At 5:30 am on Tuesday, a masked man suspected of being a military police officer hijacked a bus on the Rio-Niteroi Bridge in Brazil. He reportedly threatened to set the bus on fire, thus putting the almost 37 passengers at risk. However, he later released six people. Eventually the hijacker was shot down by a police sniper.
Marcello Lobo, a Niterói resident, says it was a great relief to everyone that the hostages were freed and the hijacker neutralised, praising the police's professionalism.
"This time, the contested Rio police did a great job. They managed to rescue the 37 hostages, safe and sound, without injury. The kidnapper was shot down by a sniper. And the people around celebrated the success of the police actions".
Although Lobo was not present at the scene, he highlights that the incident affected the entire city of Niteroi, causing a hundred-kilometre long traffic jam.
"This event changed the routine of thousands of people using the bridge and other nearby roads to get to their work and study places. There were more than four hours of interdiction of this important road, causing more than 100km of traffic jam", he recollects.
A resident of Halo Branco, São Gonçalo district, who called himself Marcos Carvalho, says that he miraculously escaped the fate of the hostages of Bus 2520: it was so crowded that Marcos chose to wait for the next one.
"Already on the bridge… traffic began to slow down and a traffic jam began to form, but I was asleep", Carvalho recalls. "When I woke up, the passengers talked about the 'hijacking of the 2520' ahead of us".
He cites the press reports that the hijacker got on the bus at the final stop in Alcantara: "If this is true, that means that when I refused to get into this bus, [the hijacker] was already there", the Halo Branco resident highlights.
According to the young man, he and other passengers saw some strange movement in the hijacked vehicle for a short period of time and then "it became very smoky, only police sirens were heard, there were many police cars and many people".
Paulo Storani, a former BOPE instructor (Batalhão de Operações Policiais Especiais, literally "Special Police Operations Battalion"), an elite unit of the Military Police of Rio de Janeiro State (PMERJ), has commented on the situation.
“The decision in the hostage-taking situation was the most adequate under the given circumstances at that time, based on the assessment of the operation’s leader. After many hours of holding a large number of hostages by the suspect and given the fact that he refused to surrender to the police, as he had promised earlier, according to the journalists covering the incident, the operation leader ordered the sniper to neutralise the suspect because there was nothing else left. Thus, all the police officers who participated in the operation acted correctly and within what the situation allowed: to choose the right moment to open fire on the suspect with the utmost care so as not to injure the innocent victims who had been in the hands of the suspect for several hours”.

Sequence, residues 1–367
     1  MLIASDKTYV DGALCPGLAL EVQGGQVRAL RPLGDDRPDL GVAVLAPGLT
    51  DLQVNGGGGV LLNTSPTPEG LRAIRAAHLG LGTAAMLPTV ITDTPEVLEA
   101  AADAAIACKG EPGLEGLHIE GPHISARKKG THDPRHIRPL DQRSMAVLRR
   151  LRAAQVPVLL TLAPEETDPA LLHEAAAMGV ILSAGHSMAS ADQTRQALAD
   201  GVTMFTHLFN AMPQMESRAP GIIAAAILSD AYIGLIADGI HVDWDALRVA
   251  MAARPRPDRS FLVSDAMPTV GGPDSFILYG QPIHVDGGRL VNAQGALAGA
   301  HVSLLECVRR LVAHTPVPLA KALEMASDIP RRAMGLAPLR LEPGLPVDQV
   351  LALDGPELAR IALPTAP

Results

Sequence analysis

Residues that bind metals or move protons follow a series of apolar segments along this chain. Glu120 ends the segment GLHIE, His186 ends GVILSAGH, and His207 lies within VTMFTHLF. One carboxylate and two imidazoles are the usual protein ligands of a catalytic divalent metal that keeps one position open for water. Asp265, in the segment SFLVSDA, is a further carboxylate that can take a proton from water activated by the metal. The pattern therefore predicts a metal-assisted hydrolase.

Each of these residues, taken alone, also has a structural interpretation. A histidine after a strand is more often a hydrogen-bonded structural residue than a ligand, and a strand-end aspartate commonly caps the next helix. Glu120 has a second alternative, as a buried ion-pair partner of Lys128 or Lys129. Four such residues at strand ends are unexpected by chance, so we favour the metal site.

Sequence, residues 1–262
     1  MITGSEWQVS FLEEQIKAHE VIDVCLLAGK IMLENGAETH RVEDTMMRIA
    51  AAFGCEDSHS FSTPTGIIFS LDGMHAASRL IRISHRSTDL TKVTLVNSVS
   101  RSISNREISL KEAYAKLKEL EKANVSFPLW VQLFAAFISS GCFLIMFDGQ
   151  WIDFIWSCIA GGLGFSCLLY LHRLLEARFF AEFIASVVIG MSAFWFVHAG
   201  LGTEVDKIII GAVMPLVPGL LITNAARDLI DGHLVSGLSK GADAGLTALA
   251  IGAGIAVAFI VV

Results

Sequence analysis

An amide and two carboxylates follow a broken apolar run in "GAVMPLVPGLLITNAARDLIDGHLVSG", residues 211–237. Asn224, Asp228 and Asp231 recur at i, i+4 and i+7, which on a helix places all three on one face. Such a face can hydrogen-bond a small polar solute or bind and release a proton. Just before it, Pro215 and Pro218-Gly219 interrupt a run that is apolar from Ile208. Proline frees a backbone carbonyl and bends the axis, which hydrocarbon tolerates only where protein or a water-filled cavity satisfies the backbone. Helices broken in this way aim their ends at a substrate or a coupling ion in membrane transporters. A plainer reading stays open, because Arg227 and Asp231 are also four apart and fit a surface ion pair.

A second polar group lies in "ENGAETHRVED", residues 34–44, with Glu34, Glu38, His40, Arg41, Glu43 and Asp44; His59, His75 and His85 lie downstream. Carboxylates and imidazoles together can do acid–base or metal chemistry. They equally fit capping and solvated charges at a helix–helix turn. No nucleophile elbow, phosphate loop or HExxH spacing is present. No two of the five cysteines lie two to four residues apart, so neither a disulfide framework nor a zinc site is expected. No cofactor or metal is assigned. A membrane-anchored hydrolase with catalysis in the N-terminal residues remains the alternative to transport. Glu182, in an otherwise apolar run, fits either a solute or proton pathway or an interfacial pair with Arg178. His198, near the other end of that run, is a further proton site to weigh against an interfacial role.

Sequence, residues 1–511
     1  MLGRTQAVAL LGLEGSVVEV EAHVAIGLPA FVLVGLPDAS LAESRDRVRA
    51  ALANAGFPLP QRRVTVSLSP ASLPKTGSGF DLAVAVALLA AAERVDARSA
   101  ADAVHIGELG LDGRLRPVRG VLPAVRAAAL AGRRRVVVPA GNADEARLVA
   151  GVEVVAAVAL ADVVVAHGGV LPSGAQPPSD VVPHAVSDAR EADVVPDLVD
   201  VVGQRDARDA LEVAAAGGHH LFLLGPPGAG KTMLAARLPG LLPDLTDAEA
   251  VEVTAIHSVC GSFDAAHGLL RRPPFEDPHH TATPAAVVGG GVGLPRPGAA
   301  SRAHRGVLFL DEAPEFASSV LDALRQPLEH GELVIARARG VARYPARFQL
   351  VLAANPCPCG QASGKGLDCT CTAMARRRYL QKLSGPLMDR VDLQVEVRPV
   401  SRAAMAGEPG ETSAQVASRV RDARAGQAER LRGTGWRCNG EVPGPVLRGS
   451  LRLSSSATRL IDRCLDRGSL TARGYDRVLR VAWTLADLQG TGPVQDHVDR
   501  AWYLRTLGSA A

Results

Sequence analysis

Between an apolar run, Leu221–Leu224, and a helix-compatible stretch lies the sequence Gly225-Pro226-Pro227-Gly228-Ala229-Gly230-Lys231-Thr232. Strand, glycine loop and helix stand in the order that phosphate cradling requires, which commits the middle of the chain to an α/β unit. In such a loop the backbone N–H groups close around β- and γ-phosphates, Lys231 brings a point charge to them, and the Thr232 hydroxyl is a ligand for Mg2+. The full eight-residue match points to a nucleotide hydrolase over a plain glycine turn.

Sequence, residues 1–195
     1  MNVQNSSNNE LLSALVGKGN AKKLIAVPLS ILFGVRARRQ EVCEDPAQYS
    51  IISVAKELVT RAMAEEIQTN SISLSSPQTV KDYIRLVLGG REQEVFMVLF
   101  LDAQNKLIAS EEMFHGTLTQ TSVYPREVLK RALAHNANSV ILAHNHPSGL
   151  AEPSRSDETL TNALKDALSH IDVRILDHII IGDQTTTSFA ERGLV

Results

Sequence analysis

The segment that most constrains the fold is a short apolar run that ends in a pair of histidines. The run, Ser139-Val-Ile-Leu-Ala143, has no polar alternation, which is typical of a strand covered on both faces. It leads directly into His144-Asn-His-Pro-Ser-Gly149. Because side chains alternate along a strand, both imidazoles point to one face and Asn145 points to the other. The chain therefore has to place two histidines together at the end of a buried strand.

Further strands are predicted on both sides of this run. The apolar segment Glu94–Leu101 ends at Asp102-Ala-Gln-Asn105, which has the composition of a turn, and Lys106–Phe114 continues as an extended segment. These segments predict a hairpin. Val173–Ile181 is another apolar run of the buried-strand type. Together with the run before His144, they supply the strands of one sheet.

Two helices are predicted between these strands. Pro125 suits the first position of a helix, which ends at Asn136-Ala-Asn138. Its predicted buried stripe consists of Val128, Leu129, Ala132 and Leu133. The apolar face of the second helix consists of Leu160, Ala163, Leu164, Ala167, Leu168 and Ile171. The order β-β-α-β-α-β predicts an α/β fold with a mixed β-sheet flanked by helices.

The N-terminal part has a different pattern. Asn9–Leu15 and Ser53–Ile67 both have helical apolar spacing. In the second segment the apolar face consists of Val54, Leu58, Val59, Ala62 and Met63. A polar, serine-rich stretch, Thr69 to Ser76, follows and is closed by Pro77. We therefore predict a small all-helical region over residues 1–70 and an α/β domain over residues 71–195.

Colonel Diógenes Lucca, the former commander of the São Paulo Military Police Special Operations Tactical Group (Grupo Tático de Ações Especiais da Polícia Militar de São Paulo, GATE) and a hostage negotiator, says that while the police always want to solve hostage-taking incidents through negotiations, the main goal is to ensure the safety of all parties involved in the conflict.
"It is clear that we always want to resolve such situations through negotiations, because negotiations are the closest alternative to the main goal of solving these crises. What is the main goal? To save the lives of all, hostages, policemen and even the criminal, maintain public order and implement the law", he notes.
While being the primary alternative, negotiations still have certain limits, the former commander elaborates: "If the perpetrator does not cooperate, and signs of failure and increasing risk to the hostages are emerging, the operation manager is obliged to consider other possibilities in accordance with the established rules", he underscores. "And in the case of Rio de Janeiro, it seems to me that this is exactly what happened".
According to Lucca, the operation was carried out brilliantly: "The crisis was contained, the scene isolated, and the communication through negotiations established, but [the Brazilian security forces] realised that the negotiations did not give results, and in this case they chose the option with a sniper. I believe that from the point of view of crisis management, [it was] an absolutely magnificent operation".
While it was initially suggested that the man was armed, the police later told the press that he only had a toy gun.
According to Sheila Sena, a spokeswoman for the Federal Road Police, the motivation of the hijacker was unclear. The Special Operations Battalion and negotiators kicked off an operation aimed at getting the hostages out of the vehicle.
Later, the police reported that the suspect had been shot down, adding that "all the hostages were released unharmed".